A Ghost of Christmas Past Haunts Today’s Work Force

Here we are, back in the suicide season: It’s Christmas time. Half of us are thinking not of our fellow

Here we are, back in the suicide season: It’s Christmas time. Half of us are thinking not of our fellow man and woman, but of pills and pistols; the other half are out shopping, partying and trying to make the Christmas feast fit the picture they have of a fat, ho-ho-ho Santa in the living room, spreading presents under the tree after Mommy and Daddy in PJ’s have gotten the children to bed-but not before leaving, of course, some cookies for Santa and lettuce for his reindeer. Did it ever exist? If it did, do you want it?

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To deaden or lessen the pain, there is no want of preachers and editorialists to explain the real or true meaning of Christmas, though the bumpy history of the holiday suggests that its real meaning is whatever the deuce you want it to mean. Holidays do not have one meaning for all time. A few years ago Kwanzaa didn’t exist, and now it does, with its own intricate semiotic overlays. Nov. 11 used to be Armistice Day, a bitter moment of reflection on the needlessly dead; now it’s a pep rally for the next war.

Marley’s ghost notwithstanding, looking into the past will not yield up any meaning of the Christmas holiday that most of us will recognize. The December date on the festive calendar two centuries ago was an occasion for public brawling by wandering crowds of inebriates.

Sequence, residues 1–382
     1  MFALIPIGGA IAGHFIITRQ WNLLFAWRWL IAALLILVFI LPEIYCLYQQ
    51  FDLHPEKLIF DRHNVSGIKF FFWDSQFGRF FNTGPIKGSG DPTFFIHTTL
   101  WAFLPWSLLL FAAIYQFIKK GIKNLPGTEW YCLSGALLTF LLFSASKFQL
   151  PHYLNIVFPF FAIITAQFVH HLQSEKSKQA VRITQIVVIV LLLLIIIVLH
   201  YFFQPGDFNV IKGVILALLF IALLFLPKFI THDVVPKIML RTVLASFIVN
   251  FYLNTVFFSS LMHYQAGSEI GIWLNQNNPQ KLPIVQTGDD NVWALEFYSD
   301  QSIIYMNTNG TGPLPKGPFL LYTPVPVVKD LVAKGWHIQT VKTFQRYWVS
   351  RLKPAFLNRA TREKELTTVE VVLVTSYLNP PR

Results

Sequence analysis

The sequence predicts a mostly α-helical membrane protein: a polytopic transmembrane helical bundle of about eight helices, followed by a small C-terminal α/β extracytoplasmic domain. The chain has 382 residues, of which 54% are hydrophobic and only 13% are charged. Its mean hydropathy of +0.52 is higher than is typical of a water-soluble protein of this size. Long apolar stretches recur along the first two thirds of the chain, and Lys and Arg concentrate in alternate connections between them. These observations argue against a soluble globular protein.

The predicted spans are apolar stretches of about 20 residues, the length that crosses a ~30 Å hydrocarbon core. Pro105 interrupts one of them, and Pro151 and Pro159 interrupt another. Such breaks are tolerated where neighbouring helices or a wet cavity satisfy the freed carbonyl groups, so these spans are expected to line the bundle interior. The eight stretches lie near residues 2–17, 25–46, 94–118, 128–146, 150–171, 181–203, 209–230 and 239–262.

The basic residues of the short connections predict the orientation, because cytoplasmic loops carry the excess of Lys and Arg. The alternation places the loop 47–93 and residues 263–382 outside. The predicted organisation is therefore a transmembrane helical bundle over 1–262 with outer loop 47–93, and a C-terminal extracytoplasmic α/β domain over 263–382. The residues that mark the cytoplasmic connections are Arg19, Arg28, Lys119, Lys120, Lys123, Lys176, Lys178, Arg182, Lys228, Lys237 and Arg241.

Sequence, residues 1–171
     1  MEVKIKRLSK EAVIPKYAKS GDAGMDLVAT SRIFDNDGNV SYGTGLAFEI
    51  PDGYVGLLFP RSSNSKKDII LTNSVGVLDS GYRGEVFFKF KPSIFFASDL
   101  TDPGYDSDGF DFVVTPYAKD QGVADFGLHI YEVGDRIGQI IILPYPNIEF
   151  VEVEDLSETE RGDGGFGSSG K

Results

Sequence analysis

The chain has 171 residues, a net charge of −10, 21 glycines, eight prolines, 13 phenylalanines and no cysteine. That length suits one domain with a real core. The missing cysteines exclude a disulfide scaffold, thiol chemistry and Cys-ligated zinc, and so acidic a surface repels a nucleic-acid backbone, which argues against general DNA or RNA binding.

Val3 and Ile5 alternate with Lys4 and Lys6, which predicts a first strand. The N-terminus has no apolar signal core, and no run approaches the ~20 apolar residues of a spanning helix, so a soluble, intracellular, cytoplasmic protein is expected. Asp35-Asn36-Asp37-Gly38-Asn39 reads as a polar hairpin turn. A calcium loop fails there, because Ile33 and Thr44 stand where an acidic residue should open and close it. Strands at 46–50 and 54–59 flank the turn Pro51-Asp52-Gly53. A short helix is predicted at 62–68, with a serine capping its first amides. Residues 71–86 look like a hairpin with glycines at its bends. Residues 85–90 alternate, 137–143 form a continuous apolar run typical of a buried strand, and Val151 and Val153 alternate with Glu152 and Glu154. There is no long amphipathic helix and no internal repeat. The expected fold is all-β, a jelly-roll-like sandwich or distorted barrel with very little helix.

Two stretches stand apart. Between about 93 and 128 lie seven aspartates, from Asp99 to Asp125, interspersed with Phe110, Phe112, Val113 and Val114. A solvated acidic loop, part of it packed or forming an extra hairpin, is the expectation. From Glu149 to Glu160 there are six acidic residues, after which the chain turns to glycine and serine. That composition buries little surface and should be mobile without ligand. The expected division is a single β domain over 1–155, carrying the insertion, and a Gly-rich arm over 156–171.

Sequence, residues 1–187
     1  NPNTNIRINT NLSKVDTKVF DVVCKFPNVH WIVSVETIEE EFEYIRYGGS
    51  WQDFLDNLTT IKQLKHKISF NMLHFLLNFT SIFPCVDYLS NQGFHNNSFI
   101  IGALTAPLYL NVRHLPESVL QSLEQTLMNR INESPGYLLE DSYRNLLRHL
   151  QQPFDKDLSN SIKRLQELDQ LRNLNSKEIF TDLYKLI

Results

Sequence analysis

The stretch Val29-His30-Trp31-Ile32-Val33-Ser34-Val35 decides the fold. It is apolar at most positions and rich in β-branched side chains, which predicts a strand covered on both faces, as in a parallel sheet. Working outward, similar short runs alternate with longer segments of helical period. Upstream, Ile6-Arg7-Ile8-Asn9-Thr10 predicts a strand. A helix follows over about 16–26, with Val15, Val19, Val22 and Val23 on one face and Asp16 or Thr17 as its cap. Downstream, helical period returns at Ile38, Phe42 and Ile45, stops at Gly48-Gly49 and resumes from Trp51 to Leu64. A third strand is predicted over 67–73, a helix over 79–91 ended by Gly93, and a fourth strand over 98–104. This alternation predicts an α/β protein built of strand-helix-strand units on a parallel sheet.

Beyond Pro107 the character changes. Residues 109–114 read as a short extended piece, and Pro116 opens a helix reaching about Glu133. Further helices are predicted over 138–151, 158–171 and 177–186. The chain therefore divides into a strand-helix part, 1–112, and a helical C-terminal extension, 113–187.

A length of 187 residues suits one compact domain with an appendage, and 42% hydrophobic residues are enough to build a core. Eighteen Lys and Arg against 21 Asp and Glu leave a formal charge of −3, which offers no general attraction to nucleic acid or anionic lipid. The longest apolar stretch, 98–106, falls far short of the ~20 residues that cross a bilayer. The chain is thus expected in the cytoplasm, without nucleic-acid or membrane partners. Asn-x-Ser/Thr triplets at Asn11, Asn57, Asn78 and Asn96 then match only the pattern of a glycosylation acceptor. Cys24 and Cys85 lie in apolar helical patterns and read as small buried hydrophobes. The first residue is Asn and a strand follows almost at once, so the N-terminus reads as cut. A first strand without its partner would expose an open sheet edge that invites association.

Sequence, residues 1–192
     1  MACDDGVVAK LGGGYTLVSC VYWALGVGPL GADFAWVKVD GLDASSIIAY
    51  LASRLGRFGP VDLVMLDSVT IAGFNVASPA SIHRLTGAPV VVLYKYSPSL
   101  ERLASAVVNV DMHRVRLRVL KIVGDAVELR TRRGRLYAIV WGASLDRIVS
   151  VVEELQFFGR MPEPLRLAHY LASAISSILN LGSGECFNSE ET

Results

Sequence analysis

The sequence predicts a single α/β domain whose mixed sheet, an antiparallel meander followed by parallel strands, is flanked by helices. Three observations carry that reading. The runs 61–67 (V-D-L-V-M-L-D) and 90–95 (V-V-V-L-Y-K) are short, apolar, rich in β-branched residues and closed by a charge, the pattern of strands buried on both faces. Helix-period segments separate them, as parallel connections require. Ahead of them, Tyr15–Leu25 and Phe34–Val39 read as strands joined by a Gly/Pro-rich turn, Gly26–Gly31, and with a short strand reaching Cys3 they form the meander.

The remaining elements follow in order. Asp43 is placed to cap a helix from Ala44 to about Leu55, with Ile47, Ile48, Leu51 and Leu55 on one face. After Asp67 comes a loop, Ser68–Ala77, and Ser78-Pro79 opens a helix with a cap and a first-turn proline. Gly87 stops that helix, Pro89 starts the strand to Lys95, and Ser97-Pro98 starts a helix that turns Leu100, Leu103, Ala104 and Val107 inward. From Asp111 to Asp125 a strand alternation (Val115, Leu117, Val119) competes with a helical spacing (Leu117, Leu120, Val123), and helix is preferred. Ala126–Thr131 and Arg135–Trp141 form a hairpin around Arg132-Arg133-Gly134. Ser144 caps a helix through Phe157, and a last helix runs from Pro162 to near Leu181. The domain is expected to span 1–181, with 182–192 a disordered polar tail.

Until Christmas was transformed in the 1830’s and 40’s, it was not unlike Mardi Gras. Men dressed as women and vice versa; off-key, discordant, squeaky, tub-thumping bands marched through the streets; liquored-up groups of revelers would force their way into the households of honest burghers to demand money, food and drink. When they managed to get what they came for, it wasn’t Christmas alms or charity, but something close to extortion-the same begging by menace that New Yorkers, prior to Rudolph Giuliani’s administration, used to have to put up with. These bands of not-so-merry makers would stand in front of homes and wassail those inside with such songs as this:

We’ve come here to claim our right …

And if you don’t open your door

We will lay you flat upon the floor.

Twenty-first-century New Yorkers, putting cash into envelopes for doormen, cleaning staff, janitors, trash personnel, etc. under threat of rotten service next year, are observing the last of the not-so-nice Christmas customs of the 17th century.

(Incidentally, the carol quoted above is from The Battle for Christmas: A Cultural History of America’s Most Cherished Holiday by Stephen Nissenbaum, from which the other information about Christmas’ history in this piece is drawn.)